When I lived in Rochester, NY I ran in the Freezeroo Race Series every year. Seeing as they were run in Western New York during the winter they were often, as the name implies freezing cold. Nothing however, prepared me for the weather on January 1, 2018 in Londonderry, NH for the Millennium Mile Road Race. It was 9 degrees and sunny, which is doable, but the sustained winds of 15 mph gusting up to 35 mph made it feel like the flesh was burning off your skin. It is the only time I’ve ever finished a warm up colder than when I started. The only positive about the weather was the wind was kinda sorta at our backs, when it wasn’t trying to push us off the left side of the road. I ran this race last year when it was a balmy 35 degrees. It’s a silly race. 1000+ people line up at the top of a hill and race down it for 1 mile. The total elevation drop is 84 feet.
Last year I had no idea what to expect or what to make of my 4:33 finish. I knew it was faster than I could run on the track, but I came away thinking I didn’t not run it nearly hard enough and I left a lot on the hill. The second half of the race is basically an exercise in keeping your legs spinning under you as fast as you can. If you can avoid the urge to lean back and break, it is sort of hard to be tired by the end. My goal for this year was to be tired at the end, be the first masters runner (last year I was second by 2 seconds Casey Carroll ) and to break 4:30.
I only managed 1 out of my three goals. I was the first masters runner, and 13th overall, but I didn’t break 4:30 and I wasn’t tired at the end of the race. I finished in a lung searing 4:30.4, but even that wasn’t enough to make me feel truly tired like a mile race should. I must need to work on my downhill running technique, I’m not pushing off enough or something going down the hills.
This Sunday I’ll have a chance to see how a 4:30.4 down hill road mile in Arctic temperatures coverts to 65 degrees on an indoor track when I race at the GBTC Invitational. Anyone want to take a guess?
Got on a plane and flew to Kentucky with Derrick Jones. While sitting at the gate in Chicago I started texting with Derrick trying to figure out if he was in the same terminal as me. He texts his gate number, I look up and there he is sitting 10 feet away from me. It was a pretty funny moment, kinda like something out of a cheesy sitcom. We crammed ourselves into the back of the regional jet and headed off for the little hop down to Louisville KY. From there it was an hour drive to our hotel in Lexington. The hostess was so brimming with Midwestern hospitality I wanted to tear my ears off. I felt like she was just taunting me with her niceness. I realize this is a character flaw in me, and only a little bit her fault.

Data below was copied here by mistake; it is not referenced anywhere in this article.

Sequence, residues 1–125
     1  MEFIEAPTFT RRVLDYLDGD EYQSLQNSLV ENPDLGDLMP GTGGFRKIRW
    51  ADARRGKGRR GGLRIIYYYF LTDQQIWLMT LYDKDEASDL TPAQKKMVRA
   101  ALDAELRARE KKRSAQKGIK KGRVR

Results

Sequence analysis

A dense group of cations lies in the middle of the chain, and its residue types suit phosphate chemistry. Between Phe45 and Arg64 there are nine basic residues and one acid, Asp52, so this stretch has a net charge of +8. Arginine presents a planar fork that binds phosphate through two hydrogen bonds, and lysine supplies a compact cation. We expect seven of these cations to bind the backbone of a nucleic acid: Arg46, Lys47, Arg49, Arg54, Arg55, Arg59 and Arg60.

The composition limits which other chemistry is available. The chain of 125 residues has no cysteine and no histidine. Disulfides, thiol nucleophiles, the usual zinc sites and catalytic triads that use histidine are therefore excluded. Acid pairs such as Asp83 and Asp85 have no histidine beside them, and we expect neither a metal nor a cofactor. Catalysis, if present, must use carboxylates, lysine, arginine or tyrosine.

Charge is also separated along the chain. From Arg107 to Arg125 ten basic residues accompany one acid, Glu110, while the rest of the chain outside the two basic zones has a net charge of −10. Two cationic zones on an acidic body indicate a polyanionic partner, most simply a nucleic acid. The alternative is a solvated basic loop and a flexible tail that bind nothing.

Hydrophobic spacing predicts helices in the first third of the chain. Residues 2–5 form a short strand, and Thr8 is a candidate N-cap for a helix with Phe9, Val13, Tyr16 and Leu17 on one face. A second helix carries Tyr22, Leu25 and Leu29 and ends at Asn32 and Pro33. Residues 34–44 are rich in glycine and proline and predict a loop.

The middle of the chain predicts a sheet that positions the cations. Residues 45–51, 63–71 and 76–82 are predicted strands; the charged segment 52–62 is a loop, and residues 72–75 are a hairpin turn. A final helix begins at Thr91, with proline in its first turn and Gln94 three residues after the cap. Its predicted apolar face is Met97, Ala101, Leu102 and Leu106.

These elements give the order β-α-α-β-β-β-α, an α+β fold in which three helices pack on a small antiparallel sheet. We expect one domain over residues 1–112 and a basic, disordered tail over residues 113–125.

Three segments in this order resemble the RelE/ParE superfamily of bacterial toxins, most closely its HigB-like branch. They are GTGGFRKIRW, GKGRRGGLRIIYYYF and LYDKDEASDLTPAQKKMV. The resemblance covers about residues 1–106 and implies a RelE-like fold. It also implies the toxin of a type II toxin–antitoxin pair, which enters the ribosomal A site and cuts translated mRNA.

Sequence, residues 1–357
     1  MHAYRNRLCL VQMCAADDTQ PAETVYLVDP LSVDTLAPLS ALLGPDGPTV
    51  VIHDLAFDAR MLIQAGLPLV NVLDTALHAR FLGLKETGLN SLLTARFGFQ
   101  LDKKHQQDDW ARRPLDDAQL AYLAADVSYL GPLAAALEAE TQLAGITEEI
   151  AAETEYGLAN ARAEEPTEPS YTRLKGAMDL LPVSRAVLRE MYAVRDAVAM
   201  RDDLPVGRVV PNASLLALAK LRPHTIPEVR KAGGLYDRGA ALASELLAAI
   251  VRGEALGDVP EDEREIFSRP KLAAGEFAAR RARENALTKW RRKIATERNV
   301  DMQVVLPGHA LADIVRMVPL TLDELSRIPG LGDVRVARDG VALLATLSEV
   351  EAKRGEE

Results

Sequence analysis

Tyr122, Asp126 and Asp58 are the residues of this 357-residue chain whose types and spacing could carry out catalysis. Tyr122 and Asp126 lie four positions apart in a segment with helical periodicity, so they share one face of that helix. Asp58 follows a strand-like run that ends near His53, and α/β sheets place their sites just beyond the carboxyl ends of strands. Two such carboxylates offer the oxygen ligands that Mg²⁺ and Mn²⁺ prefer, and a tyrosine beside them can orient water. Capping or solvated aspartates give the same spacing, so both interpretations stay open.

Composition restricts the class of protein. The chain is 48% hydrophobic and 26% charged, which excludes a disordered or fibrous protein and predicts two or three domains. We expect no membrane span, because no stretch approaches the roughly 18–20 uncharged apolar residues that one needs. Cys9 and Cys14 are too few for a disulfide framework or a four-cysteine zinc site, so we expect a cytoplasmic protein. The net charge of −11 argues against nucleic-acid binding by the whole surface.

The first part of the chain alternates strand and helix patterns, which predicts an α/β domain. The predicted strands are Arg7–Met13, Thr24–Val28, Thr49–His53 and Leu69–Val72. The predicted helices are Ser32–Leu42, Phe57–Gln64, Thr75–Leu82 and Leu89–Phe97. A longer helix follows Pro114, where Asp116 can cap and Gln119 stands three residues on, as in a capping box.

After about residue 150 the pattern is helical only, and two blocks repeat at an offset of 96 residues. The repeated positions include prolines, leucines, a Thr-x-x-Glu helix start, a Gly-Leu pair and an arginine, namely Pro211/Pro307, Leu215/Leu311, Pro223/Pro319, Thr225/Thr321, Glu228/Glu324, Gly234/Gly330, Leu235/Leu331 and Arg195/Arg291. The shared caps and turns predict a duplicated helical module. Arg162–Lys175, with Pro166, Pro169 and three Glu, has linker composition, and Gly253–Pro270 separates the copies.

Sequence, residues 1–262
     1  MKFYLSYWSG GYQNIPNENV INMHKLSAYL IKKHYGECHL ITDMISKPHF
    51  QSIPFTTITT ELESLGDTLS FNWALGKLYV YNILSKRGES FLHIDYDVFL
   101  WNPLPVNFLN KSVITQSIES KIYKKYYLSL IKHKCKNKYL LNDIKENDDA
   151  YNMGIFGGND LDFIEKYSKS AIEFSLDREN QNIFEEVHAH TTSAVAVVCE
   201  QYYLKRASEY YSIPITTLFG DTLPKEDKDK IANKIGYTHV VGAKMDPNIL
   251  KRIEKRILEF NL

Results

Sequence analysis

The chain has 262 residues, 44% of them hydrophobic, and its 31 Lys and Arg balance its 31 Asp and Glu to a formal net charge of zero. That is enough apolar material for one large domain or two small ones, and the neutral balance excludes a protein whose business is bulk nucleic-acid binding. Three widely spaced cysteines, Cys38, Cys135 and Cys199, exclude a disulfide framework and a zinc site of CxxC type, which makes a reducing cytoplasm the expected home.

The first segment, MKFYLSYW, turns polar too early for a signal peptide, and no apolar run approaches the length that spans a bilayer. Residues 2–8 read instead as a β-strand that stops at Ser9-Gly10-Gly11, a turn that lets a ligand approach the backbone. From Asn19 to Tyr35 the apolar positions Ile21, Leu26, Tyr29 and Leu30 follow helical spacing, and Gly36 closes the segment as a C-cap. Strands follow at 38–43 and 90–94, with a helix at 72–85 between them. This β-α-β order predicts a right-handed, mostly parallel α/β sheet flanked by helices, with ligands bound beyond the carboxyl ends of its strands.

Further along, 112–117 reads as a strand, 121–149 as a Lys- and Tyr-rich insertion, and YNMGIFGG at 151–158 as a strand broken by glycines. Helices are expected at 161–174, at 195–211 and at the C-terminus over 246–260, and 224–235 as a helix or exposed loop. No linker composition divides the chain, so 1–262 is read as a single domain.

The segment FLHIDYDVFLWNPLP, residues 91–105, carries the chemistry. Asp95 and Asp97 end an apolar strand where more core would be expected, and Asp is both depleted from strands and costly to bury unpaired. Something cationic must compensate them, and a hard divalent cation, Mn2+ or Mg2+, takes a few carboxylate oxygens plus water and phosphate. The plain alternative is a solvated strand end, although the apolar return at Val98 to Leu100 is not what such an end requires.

We dumped our stuff and headed over to the course for a look and run around. I was imagining some nice manicured path lazily wrapping around a lush Kentucky Bluegrass infield. This is not what we found at. The park was a frozen wasteland of hills and turns and broken clods of turf. A North wind was whipping down from the hilltop prison on the horizon. It was only to get worse by race time.After a nice dinner and beers with some of the team, it was back to the friendliest place on earth to try and get some rest.
Saturday morning dawned grey and cold and windy. I loaded up and coffee and headed to the race. USATF had setup a large heated tent. The air in it was so think with BENGAY, IceyHot, and Vick’s Vapor Rub, I was sure the gas heaters was going to ignite the fumes and blow us all to hell.
The race started like all cross country races start, with everyone forgetting all about any ideas of rational pacing and sprinting across the field, slowing forming and arrowhead and shaft. I like to think I kept my calm and settled in quickly to a reasonable sustainable pace, but my opening 5:35 doesn’t exactly back that up, especially when it was immediately followed up by a 5:50. I manage to settle into a nice rhythm after mile 2 and started grinding out 5:40’s and slowly working my way up.
It’s impossible to tell from the photos how uneven the ground was. Several runners, including Derrick fell during the race as the landed badly on the frozen clumps of earth. I managed to stay on my feet, but was thankful for my flexible ankles which rolled more than a few times.